After this continuous drive test, the abrasion loss of the sliding valve lifter 3 to slide with the adjusting shim 4 was evaluated. For the abrasion loss of this valve lifter 3, as shown in FIG. 2, the inner diameter dimension R of the part onto which the adjusting shim 4 was mounted was measured before and after the test, and the abrasion of valve lifter 3 was evaluated from the dimensional difference in R. The results that were obtained are shown in Table 4.

Also, for comparison, as with Example 3, the same test as described above was also performed on the adjusting shim (sample 11B) made from the conventional Cr—Mo steel and on the adjusting shims (surface polished sample 20B and unpolished sample 19B) made only from the Si3N4 sintered body, and the results are shown together in Table 4.

TABLE 4
Dimensional
Base Diamond Difference
tp Material Layer in R Before
Sam- Shim 0.1 Strength Thickness and After
ple Material (%) (MPa) (μm) Test (μm)
12B Coated 60 1200 3.0 6.7
with
diamond
13B Coated 65 1250 10.0  6.2
with
diamond
14B Coated 75 1100 1.5 5.8
with
diamond
15B Coated 80 1150 2.5 5.1
with
diamond
16B Coated 85 1100 8.0 4.5
with
diamond
17B Coated 90 1030 2.0 4.3
with
diamond
18B Coated 95 1200 2.0 4.2
with
diamond
19B* Si3N4 50 (1200) 18
20B* Si3N4 60 (1200) 12
(polished)
11B* Cr—Mo 90 25
steel
Note: Samples marked by an asterisk * in the table are comparison examples.

As can be seen from the results shown in Table 4, by using the adjusting shims provided with the diamond coating layer for samples 12B through 18B of the present invention, it is possible to make a huge reduction in abrasion of the valve lifter as a counterpart member compared to the adjusting shims made from the Si3N4 sintered body and to the adjusting shim made from the prior art Cr—Mo steel. Also, it can be seen that, the greater the aforementioned profile bearing length ratio tp 0.1 is, the more it is possible to reduce abrasion of the valve lifter as the opposite member.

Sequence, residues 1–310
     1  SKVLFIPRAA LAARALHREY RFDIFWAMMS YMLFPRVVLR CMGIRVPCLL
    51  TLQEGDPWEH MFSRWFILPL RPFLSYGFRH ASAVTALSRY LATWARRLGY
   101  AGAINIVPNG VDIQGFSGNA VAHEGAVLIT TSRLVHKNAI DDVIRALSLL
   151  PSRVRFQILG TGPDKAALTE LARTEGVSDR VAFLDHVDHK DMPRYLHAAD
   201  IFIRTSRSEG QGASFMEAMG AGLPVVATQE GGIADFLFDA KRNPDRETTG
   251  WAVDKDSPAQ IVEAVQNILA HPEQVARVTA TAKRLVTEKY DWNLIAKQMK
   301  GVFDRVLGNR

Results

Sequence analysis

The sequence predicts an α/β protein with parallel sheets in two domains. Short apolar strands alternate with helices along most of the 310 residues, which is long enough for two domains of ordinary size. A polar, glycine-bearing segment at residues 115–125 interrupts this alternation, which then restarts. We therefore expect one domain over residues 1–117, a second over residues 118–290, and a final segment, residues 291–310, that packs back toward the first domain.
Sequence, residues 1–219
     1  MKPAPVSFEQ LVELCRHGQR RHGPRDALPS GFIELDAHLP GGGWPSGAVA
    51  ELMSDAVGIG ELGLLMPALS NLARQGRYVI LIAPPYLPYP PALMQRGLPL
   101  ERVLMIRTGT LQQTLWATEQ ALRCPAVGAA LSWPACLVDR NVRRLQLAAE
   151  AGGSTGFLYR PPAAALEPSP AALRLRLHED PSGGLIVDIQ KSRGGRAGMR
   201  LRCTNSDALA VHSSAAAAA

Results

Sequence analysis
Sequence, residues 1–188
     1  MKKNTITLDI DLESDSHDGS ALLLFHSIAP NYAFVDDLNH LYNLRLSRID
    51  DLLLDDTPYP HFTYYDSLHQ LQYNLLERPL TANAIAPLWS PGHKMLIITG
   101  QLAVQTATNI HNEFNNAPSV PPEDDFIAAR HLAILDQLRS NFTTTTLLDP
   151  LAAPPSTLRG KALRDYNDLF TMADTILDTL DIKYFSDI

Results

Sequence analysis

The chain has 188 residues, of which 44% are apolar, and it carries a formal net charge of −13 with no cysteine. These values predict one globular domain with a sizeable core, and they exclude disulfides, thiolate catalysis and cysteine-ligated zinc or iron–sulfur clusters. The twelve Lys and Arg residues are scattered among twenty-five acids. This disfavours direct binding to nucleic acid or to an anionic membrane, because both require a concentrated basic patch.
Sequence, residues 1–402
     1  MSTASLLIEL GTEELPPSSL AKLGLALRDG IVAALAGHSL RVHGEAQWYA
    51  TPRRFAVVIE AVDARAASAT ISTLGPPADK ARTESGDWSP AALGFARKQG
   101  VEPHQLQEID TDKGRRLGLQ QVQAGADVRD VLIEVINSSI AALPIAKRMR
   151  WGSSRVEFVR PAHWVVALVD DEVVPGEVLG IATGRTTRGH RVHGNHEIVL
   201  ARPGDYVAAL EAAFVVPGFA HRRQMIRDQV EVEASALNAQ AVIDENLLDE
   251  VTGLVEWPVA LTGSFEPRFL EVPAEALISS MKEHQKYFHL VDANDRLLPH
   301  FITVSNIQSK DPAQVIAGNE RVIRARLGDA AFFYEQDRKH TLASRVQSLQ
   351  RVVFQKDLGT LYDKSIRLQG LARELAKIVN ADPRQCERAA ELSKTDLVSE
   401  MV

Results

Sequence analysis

According to the present invention, it is possible to provide an excellent highly reliable diamond-coated sliding part that is light, has excellent abrasion resistance, prevents abrasion of the counterpart member with which the sliding part slides, and can greatly reduce power loss. By using this diamond-coated sliding part, it is possible to improve the abrasion resistance and the friction loss that occurs between the diamond coating layer and the opposite member. It is also possible to reduce power loss as a valve train mechanism of an internal combustion engine, and to improve fuel consumption and durability remarkably.

Claims (7)

What is claimed is: